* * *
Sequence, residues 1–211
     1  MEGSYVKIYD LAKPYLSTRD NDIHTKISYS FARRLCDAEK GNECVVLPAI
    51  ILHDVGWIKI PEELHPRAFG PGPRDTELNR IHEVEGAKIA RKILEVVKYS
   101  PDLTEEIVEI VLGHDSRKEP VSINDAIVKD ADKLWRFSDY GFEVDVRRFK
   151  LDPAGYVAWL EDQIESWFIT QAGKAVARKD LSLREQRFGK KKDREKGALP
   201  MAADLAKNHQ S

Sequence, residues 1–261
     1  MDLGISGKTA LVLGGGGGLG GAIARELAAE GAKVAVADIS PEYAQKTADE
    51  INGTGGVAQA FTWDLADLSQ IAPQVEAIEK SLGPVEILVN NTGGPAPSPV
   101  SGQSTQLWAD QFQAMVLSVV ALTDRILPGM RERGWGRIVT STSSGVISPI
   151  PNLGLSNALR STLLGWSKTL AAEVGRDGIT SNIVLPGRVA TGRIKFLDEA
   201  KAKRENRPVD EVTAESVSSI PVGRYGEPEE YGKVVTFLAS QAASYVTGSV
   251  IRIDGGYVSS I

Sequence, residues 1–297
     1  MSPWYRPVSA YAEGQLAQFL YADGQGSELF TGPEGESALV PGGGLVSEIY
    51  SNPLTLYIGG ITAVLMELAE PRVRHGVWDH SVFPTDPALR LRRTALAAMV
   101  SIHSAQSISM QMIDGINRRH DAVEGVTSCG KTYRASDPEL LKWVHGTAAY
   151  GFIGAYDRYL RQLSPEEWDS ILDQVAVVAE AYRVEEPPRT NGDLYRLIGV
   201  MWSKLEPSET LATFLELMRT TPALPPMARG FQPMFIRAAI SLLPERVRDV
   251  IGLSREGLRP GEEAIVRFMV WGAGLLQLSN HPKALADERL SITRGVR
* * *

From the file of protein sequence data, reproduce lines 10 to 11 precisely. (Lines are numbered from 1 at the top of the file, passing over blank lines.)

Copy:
   101  SGQSTQLWAD QFQAMVLSVV ALTDRILPGM RERGWGRIVT STSSGVISPI
   151  PNLGLSNALR STLLGWSKTL AAEVGRDGIT SNIVLPGRVA TGRIKFLDEA